FACTBOX-Iraq’s oil deals, signed and still to come

BAGHDAD, July 20 (BestGrowthStock) – Iraq has signed a raft of deals
with foreign oil companies that could take its crude output
capacity up to 12 million barrels per day, rivalling top
producer Saudi Arabia.

There are still hurdles in the way, not least a political
impasse following a March 7 parliamentary election that produced
no outright winner and as yet no new government.

A new Iraqi government could be inclined to renegotiate some
of the deals, though the lure of billions of dollars in revenues
could persuade whoever forms the next government to allow the
contracts to stand unchallenged.

The following are the signed deals, listed in order of the
size of the reservoirs involved, and others still in the works:


Britain’s BP Plc (BP.L: ) and China’s CNPC signed the first
major post-U.S. invasion oil deal in November for supergiant
Rumaila field, with estimated reserves of 17 billion barrels.
The two companies aim to boost production to 2.85 million bpd
from around 1.066 million bpd currently, and have accepted a
remuneration fee of $2 per barrel.

BP said it would invest around $15 billion. BP has a 38
percent stake and its partner CNPC has 37 percent while Iraq
holds 25 percent.


Russian energy giant Lukoil (LKOH.MM: ) and Norway’s Statoil
(STL.OL: ) sealed a deal for the supergiant, 12.9-billion-barrel
oilfield in Iraq’s south on Jan. 31. The partners agreed a
remuneration fee of $1.15 per barrel and pledged to take
production to a plateau of 1.8 million bpd.

Iraq holds a 25 percent stake, Lukoil 56.25 percent and
Statoil 18.75 percent. Statoil has said it would invest $1.4
billion over 4-5 years. Lukoil put total investment at more than
$30 billion. The firms would start recovering costs when output
reaches 120,000 bpd.


The massive 12.6-billion-barrel Majnoon oilfield was taken
by Royal Dutch Shell (RDSa.L: ), Europe’s largest oil company, and
Malaysia’s Petronas [PETR.UL], which inked the final pact on
Jan. 17. Shell officials have said the firms would invest “tens
of billions” of dollars.

Shell has a 45 percent share, with partner Petronas holding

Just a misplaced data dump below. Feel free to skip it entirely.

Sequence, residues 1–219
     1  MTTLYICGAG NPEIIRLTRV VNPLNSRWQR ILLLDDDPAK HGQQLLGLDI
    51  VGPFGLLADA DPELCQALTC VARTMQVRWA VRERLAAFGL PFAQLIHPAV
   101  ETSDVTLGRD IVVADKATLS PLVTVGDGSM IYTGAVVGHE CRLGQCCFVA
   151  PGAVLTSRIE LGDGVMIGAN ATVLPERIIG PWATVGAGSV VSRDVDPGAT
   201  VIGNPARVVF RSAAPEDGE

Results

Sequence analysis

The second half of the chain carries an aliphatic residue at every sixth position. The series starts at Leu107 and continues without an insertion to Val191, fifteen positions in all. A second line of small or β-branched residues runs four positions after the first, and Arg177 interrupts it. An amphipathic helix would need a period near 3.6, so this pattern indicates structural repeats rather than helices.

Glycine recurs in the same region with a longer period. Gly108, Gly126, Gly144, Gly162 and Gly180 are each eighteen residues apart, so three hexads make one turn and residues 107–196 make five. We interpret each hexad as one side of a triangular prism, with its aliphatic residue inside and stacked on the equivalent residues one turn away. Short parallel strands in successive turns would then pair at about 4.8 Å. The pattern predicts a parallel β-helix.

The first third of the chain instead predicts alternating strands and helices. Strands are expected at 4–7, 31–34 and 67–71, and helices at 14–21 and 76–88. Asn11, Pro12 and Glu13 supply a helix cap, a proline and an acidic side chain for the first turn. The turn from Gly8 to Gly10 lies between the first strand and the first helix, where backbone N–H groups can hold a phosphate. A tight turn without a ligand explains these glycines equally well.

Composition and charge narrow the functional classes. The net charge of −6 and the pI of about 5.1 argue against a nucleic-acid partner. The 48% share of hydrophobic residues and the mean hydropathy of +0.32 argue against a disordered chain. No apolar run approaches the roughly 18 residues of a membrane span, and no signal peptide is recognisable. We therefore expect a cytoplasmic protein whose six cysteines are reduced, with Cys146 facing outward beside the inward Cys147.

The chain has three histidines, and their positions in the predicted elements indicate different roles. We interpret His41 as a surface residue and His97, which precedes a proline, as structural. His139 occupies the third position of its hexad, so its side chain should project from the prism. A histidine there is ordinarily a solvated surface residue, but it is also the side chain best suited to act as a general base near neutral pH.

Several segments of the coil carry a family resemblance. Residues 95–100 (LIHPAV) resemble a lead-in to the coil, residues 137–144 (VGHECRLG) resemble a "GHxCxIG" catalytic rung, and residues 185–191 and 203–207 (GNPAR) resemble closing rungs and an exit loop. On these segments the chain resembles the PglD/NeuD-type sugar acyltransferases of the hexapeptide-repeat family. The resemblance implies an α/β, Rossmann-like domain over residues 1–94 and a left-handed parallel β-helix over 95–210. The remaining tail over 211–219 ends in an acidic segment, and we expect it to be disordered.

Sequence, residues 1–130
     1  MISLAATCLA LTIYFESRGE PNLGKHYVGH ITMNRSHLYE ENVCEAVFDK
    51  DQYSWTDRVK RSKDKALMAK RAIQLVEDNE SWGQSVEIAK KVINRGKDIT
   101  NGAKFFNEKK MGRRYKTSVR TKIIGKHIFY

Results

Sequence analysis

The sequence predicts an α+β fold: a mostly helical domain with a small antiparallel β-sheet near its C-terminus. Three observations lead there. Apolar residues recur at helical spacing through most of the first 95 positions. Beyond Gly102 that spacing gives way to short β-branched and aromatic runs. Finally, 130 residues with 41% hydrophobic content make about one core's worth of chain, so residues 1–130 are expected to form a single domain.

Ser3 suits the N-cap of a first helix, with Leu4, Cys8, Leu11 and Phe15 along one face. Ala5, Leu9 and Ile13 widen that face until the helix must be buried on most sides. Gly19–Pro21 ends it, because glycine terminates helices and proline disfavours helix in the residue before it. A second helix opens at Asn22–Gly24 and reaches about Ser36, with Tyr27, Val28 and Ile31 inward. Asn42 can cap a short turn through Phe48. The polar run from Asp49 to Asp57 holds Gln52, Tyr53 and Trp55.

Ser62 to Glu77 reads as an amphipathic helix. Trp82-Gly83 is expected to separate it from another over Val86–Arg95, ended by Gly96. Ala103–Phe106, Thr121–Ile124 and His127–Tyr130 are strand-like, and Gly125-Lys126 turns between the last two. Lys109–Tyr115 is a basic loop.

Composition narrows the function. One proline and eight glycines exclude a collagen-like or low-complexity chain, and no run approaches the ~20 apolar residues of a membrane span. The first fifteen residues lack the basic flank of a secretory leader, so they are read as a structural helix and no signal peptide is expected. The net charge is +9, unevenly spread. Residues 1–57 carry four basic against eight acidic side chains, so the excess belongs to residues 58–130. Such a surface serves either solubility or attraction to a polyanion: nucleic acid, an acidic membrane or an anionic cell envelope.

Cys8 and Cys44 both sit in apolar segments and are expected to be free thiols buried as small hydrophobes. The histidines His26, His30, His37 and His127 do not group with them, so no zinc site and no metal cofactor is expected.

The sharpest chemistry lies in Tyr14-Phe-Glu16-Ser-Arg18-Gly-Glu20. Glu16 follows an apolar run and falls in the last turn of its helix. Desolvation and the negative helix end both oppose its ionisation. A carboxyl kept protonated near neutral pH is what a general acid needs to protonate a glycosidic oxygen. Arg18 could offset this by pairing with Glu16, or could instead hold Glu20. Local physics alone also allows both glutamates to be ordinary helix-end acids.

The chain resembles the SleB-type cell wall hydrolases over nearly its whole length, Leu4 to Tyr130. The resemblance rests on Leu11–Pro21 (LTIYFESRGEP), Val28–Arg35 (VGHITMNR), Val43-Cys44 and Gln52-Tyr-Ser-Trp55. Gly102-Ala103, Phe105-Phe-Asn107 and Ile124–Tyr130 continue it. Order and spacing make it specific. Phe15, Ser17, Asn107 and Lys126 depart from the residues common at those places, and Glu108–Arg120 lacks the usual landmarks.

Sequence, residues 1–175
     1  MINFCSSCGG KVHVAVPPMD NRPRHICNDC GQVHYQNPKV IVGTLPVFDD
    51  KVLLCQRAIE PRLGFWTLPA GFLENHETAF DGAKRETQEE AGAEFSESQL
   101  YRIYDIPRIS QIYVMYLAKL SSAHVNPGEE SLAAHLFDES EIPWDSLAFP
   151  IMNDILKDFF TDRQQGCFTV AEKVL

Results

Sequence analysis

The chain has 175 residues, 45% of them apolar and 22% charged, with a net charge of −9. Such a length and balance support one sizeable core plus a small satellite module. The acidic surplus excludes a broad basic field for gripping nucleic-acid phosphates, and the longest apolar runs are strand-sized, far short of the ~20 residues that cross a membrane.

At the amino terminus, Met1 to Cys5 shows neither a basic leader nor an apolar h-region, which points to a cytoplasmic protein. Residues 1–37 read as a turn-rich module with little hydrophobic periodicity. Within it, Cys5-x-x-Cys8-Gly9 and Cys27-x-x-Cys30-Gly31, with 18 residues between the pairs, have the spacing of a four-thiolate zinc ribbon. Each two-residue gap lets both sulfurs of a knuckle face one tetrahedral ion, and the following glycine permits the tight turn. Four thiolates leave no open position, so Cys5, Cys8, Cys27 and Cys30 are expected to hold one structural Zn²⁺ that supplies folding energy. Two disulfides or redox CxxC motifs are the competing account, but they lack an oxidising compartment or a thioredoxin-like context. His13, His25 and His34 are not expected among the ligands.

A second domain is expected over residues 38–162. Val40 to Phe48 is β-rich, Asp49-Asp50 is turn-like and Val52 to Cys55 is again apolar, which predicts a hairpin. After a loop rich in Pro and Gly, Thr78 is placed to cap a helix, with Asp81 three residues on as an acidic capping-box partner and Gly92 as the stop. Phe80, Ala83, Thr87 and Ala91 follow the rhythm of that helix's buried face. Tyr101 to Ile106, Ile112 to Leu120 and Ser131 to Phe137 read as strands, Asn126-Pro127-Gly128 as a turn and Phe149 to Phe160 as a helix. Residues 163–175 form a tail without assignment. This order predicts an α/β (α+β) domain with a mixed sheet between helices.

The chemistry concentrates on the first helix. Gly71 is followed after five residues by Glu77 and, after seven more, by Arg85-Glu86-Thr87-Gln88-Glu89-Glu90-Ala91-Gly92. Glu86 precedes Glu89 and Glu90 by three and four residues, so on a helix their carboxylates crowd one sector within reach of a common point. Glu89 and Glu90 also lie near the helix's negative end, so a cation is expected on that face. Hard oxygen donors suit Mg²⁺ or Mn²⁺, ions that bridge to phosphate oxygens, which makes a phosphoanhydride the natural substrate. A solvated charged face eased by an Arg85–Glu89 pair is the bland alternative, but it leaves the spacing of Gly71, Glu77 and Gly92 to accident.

30 percent and Iraq 25 percent. The firms will receive a
remuneration fee of $1.39 per barrel for boosting output to a
plateau production target of 1.8 million bpd from current output
of just under 50,000 bpd. Firms can start recovering costs once
output hits 175,000 bpd.


West Qurna Phase One found no bidders in the first auction,
but a subsequent competition behind closed doors led to a deal
with Exxon Mobil (XOM.N: ) and Shell. The companies inked the
final pact on Jan. 25.

The field has reserves of 8.7 billion barrels. The
consortium aims to boost output to 2.325 million bpd after
setting baseline production at 244,000 bpd. [ID:nRAS832007]

The group accepted a fee of $1.90 per barrel. Exxon has a 60
percent interest in the consortium, with Iraq holding 25 percent
and Shell the remainder. An Exxon executive said on July 19 that
the group aims to raise production by 10 percent by the end of
the first quarter of 2011.


China National Petroleum Company (CNPC), France’s Total
(TOTF.PA: ) and Petronas clinched the final contract for Halfaya
on Jan. 27, with a fee of $1.40 per barrel and a plateau
production target of 535,000 bpd from a current 3,100 bpd.

Total holds an 18.75 percent interest in the consortium, and
CNPC with 37.5 percent, Petronas 18.75 percent and Iraq 25
percent. Halfaya, situated in southern Iraq, has estimated
reserves of 4.1 billion barrels of oil. The firms would start
recovering costs when output hits 70,000 bpd.

On April 22, Total said it is considering a bigger stake in
the Halfaya oilfield. [ID:nLDE63L107]


Italy’s Eni (ENI.MI: ) sealed the final contract with Iraq on
Jan. 22 for the 4-billion-barrel Zubair oilfield. Eni and
partners, U.S.-based Occidental Petroleum Corp (OXY.N: ) and
KOGAS, set an output target of 1.2 million bpd. The group agreed
with Iraq to set the baseline production level at 183,000 bpd.

The consortium planned to invest over $20 billion and
accepted a remuneration fee of $2 a barrel. Eni has a 32.81
percent stake, Oxy 23.44 percent, KOGAS 18.75 percent and Iraq’s
Missan Oil Company 25 percent.


Iraq signed a final deal on May 17 with China’s CNOOC
(0883.HK: ) and state-run Turkish Petroleum Corporation (TPAO) for
a service contract for the 2.5- billion-barrel, three-oilfield
Maysan complex.

The fields were offered in the first auction of oilfield
contracts but not awarded. According to Iraqi officials, CNOOC
accepted the proposed remuneration fee of $2.30 for every
additional barrel of oil produced, compared with more than $20
per barrel it and its old partner China’s Sinochem — which
pulled out of the deal — had originally sought.

CNOOC and TPAO set a plateau target for the oilfields at
450,000 bpd after six years. CNOOC said it will hold a 63.75
percent stake in the venture while TPAO holds 11.25 percent.
Maysan comprises three fields — Bazargan, Abu Gharab and Fakka
in southern Maysan province.


CNPC started work last March on the al-Ahdab oilfield in
southeastern Wasit province after successfully renegotiating an
old development deal that dated back to Saddam Hussein’s

CNPC hopes to pump 110,000-130,000 bpd from the field, which
has estimated reserves of 1 billion barrels.


A smaller oilfield with 900 million in reserves, Gharaf was
won by Petronas and the Japan Petroleum Exploration Co (Japex)
(1662.T: ) in a fierce competition in the second bidding round,
and the deal was signed on Jan. 18.

Petronas will hold 45 percent, Japex 40 percent and Iraq 25
percent, and will receive a fee of $1.49 per barrel. Gharaf has
a production target of 230,000 bpd. The consortium expects to
invest $7-$8 billion. The firms can start recovering costs once
output reaches 35,000 bpd.


FACTBOX-Iraq’s oil deals, signed and still to come